Contractor1 and ReliableAmericanRoof pretty much covered it. If you are talking gentle waves "travelling" sideways across the roof spaced the same as the roof joists (high spots over the joists, low point in the wave between) then the problem is sheathing that has gotten wet and deformed, pieces only one joist wide (no pieces should be less than 2 joists coverage), or possibly excessively thin sheathing - i.e 1/4 inch or 3/8 inch (yes, I have seen builders try this) versus what code requires in your area which could be from 15/32 to 3/4 inch thick. However, if this is the problem than the existing roof would have shown the same waves - it would be god for your case if you had recent photos of the roof proving this was not the case.
As Contractor1 said, ripples, like on a pond, can be due to improper stapling or nailing direction (always staple felt and nail shingles moving forward, i.e. in the direction you are laying).
The most common reason I have seen is rolling out wet felt or letting it get wet from rain or dew and not drying fully before shingling over it. When felt gets wet it swells quite a bit, so if it has been stapled and then gets wet it will ripple and sometimes even form folds.
The same effect can happen if the rolls of felt were stacked on their sides (particularly for a long time or in the sun) rather than upright, causing the rolls to become oblong rather than round. Then when they roll them out on the roof, if they do not stretch the felt or "squeegee" it out with a broom or roller, the loosely rolled felt will have "waves" in it - varying in spacing from maybe about 18 inches or so for the part that came off a full roll down to just 6 inches or so for the tail end of the roll. This is pretty common, particularly at box stores - most lumber yards know to stack the rolls on end, but a lot of box stores receive the rolls on their sides stacked 6-10 high on a tightly banded pallet, and leave it that way untill sold, so the rolls come out looking like an elephant walked over them.
Rolling out very cold felt and not "running it out", meaning brooming or rolling it forward to stretch it out as you staple it down can also result in ripples when the cold felt expands as it heats up. (It expands, not contracts with heat). This is not anywhere as common as wet felt or oblong roll ripples.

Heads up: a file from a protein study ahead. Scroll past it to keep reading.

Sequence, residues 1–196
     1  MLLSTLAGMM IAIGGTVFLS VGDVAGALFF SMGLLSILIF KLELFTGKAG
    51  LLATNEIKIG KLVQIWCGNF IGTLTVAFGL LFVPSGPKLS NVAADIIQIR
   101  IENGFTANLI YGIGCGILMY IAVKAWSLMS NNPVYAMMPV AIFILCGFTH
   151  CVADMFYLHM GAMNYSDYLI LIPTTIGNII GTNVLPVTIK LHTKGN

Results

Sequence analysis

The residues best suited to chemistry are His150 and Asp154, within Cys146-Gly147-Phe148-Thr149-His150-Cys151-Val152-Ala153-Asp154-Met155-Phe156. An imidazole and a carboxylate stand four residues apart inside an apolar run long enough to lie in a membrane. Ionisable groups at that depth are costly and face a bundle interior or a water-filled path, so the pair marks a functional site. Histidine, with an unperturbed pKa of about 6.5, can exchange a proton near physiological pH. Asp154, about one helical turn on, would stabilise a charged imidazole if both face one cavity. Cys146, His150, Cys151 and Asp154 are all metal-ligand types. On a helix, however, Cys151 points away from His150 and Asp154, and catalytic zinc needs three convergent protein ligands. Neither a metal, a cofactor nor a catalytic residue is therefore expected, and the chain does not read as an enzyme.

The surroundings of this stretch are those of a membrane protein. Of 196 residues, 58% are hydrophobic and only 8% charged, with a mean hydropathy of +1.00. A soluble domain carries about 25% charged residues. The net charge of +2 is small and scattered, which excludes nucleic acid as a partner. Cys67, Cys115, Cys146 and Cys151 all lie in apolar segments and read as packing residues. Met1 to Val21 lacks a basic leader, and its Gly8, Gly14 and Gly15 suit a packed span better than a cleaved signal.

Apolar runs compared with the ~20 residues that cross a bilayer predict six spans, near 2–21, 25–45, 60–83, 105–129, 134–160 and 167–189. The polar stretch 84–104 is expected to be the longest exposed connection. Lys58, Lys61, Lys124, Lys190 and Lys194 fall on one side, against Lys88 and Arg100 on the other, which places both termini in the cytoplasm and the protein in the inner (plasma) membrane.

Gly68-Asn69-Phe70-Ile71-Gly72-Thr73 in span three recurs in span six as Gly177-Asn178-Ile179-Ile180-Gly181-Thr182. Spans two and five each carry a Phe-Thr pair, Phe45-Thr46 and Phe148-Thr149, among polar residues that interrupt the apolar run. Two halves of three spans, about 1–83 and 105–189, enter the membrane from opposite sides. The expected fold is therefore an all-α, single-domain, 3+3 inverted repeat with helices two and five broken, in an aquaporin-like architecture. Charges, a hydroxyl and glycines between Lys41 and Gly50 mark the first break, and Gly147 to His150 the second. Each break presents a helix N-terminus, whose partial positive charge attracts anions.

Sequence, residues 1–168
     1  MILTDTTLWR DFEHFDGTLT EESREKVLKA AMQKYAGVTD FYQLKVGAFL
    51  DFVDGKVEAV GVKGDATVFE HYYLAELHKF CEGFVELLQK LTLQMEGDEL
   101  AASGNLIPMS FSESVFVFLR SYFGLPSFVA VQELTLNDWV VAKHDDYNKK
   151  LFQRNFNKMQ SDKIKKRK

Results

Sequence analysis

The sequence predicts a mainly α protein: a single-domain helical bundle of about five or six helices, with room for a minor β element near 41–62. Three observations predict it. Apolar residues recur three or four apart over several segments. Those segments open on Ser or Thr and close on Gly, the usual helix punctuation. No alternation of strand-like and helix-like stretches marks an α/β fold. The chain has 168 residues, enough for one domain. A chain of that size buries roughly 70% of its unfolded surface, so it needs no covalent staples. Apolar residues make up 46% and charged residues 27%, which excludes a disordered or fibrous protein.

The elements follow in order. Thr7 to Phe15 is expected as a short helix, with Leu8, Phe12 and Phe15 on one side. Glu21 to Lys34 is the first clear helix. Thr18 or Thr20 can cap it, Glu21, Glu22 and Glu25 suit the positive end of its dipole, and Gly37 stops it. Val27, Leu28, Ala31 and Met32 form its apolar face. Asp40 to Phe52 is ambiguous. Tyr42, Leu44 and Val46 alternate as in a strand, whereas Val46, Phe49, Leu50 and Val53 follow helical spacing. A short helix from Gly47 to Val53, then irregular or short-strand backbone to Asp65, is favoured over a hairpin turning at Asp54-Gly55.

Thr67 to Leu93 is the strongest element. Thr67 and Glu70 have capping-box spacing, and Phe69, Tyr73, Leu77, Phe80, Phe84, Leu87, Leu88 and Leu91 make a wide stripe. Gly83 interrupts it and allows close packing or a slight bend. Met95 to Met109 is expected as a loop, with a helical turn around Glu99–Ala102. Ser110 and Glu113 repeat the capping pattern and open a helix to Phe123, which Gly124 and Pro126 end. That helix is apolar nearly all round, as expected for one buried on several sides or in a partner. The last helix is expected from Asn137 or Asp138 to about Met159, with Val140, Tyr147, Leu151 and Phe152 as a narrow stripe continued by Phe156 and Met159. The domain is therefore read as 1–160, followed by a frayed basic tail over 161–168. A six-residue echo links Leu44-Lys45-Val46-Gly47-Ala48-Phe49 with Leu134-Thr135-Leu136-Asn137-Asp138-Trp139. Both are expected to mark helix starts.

One other possible source would be cheating on the nail pattern - three tab shingles need 4 or 6 nails per shingle (depends on shingle manufactuer warranty requirement, and on dsign wind speed for the area). A shoddy installer will just pop a nail near each end - saves a LOT of money for the contractor in nails and labor cost. However, shingles will bulge up and tear off easier in the wind, and when they heat up can bulge up in the center. This would create a pettern of little ripples with each shingle bulging up (at least in the sun), rather than large waves. Spot checking the nailing would prove or eliminate this cause.
The end result,unless it is caused by sheathing problems, is you have a problem of defective workmanship. The ripples will provide spots for the wind to get under and teat shingles off easier, make it easier for any ice damming or wind blown rain to get up under the shingles, and make them MUCH more susceptible to cracking due to sunn exposure and to any walking on them. I hate to say it, but this job should be torn off and redone from scratch. The materials hsould NOT be reused, partly because they are now damaged, and also because shingles are almost impossible to remove without damaging them, and they will have holes in them from the original nailing.
If he does not agree to do the repair AT NO ADDITIONAL CHARGE, you may end up having to make a claim against his bond company, see if the city/state will threaten his license if he does not redo the job right, or sue the contractor. Now is the time to get GOOD documentation with camera and a written and photographic report by a qualified building inspector or architect. Your local government may have a building inspector who can document it also, and write up the job as failing to meet code, and therefore having to be redone. I would start with this route if the contractor does not agree to fix it up front.